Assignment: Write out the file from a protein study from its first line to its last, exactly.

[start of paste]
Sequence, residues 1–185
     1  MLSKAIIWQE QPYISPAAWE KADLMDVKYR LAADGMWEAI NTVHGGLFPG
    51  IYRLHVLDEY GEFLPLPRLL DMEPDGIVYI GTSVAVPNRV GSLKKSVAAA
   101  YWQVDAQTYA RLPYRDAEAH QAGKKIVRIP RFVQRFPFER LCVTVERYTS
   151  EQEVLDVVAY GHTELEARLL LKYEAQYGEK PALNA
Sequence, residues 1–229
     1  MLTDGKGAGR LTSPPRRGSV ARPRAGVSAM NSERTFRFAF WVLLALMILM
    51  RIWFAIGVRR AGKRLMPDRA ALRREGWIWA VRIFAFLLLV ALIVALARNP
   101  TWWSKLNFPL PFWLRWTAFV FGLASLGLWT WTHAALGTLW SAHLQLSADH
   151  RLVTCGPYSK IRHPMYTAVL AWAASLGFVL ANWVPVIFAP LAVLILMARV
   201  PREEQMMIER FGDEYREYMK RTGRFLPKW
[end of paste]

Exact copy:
Sequence, residues 1–185
     1  MLSKAIIWQE QPYISPAAWE KADLMDVKYR LAADGMWEAI NTVHGGLFPG
    51  IYRLHVLDEY GEFLPLPRLL DMEPDGIVYI GTSVAVPNRV GSLKKSVAAA
   101  YWQVDAQTYA RLPYRDAEAH QAGKKIVRIP RFVQRFPFER LCVTVERYTS
   151  EQEVLDVVAY GHTELEARLL LKYEAQYGEK PALNA
Sequence, residues 1–229
     1  MLTDGKGAGR LTSPPRRGSV ARPRAGVSAM NSERTFRFAF WVLLALMILM
    51  RIWFAIGVRR AGKRLMPDRA ALRREGWIWA VRIFAFLLLV ALIVALARNP
   101  TWWSKLNFPL PFWLRWTAFV FGLASLGLWT WTHAALGTLW SAHLQLSADH
   151  RLVTCGPYSK IRHPMYTAVL AWAASLGFVL ANWVPVIFAP LAVLILMARV
   201  PREEQMMIER FGDEYREYMK RTGRFLPKW